Small business owners and entrepreneurs throughout the US are facing impossible choices because of the skyrocketing costs of health insurance premiums, and, in many cases, the lack of access to coverage. Here are some of their stories.
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New Beginnings Enterprises | Kenner, LA
Louisiana construction company:
Business owner priced out of insurance market
Contractor and his wife go without health coverage
Fernando Arriola recognized the opportunity to help rebuild New Orleans in 2005 when he bought a friend's construction business. He gave up a full-time job with benefits as a sales manager, but looked forward to working for himself.
To save money, Arriola bought a health insurance plan for his wife and himself with a deductible of $5,000 and monthly premium of $900. When things got tight a couple of years later, he decided to drop the coverage temporarily.
Unfortunately, the insurance company turned him down when he tried to get back on the health plan. The Arriolas have been uninsured since then. "I just don't worry about it," says Fernando. "You have to move on...you could have a heart attack worrying about being uninsured."
The high cost of health insurance has made it impossible for him to offer coverage to the five people who work for him on a contract basis. "I looked into it and it was totally undoable," he explains. "It's a problem when you are competing for good people. They're looking for benefits and they're not going to leave a large company to come work for a company like mine."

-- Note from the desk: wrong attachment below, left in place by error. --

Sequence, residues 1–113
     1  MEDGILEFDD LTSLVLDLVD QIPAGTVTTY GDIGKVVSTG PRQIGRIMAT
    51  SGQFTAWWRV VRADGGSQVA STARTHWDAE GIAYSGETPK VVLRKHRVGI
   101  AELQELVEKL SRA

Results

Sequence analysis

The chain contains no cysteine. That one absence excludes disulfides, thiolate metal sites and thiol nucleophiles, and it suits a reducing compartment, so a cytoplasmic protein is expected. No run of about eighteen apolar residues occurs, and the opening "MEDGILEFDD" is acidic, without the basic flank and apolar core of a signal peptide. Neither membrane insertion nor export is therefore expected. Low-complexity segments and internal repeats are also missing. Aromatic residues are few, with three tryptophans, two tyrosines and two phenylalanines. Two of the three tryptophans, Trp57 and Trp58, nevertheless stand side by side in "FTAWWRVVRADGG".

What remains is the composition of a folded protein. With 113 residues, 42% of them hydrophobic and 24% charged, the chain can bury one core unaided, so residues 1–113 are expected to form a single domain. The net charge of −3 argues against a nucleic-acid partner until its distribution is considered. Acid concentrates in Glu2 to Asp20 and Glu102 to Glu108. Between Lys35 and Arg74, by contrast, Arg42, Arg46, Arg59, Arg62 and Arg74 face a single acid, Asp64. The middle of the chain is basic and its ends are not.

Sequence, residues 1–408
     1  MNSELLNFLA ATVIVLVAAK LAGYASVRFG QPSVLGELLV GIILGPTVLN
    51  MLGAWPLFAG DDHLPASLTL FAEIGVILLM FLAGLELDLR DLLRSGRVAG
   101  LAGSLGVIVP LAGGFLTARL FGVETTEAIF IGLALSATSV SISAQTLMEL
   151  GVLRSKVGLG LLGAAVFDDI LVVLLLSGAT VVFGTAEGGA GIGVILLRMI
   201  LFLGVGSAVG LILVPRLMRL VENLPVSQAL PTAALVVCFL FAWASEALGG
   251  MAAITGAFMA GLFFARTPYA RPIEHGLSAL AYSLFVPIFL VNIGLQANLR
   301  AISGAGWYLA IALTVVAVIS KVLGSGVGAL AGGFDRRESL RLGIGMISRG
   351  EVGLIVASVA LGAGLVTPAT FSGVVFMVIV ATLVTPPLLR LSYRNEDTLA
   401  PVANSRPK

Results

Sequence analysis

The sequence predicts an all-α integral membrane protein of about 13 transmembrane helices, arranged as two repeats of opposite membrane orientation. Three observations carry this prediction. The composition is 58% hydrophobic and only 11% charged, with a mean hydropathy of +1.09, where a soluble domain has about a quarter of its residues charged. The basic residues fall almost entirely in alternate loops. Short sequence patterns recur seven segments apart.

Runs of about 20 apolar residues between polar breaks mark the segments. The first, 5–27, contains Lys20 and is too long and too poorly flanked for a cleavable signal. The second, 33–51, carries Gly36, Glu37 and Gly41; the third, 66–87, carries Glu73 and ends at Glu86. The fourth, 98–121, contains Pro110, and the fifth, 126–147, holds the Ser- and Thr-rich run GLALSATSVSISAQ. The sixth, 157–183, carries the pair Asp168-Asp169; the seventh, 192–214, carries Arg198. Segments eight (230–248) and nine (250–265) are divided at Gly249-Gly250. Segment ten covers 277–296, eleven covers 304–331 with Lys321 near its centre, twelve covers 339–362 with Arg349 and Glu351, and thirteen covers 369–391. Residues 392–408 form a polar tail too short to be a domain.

"[Good people are] looking for benefits and they're not going to leave a large company to come work for a company like mine."
Easier to go to Guatemala for medical care
Arriola is a naturalized US citizen who was born in Guatemala. He and his wife visit family there about once a year, and find it easier to get significant medical care in Guatemala than in the US. In fact, he's considering getting arthroscopic knee surgery from his wife's cousin in Guatemala who is an orthopedic surgeon. It will cost $1,000-compared with $5,000 in the US.
He also takes blood pressure medication, which costs just $20 in Guatemala compared with $60 in the US.
Arriola believes the troubles with cost and access to coverage would improve with more competition among insurance companies. A health insurance exchange, as proposed in congressional healthcare reform bills, would offer small businesses more choice of health plans. "It's insane, paying that much money and not getting much for it," he says.
"We have a country on the leading edge of everything except healthcare coverage."
Universal coverage is a must
Arriola believes healthcare reform is essential, and it needs to extend coverage to every American. "We have a country on the leading edge of everything except healthcare coverage," he says.
The other important element of reform is containing costs. "It is completely unsustainable and will bankrupt our country," Arriola says of the fast-rising cost of medical care in the US.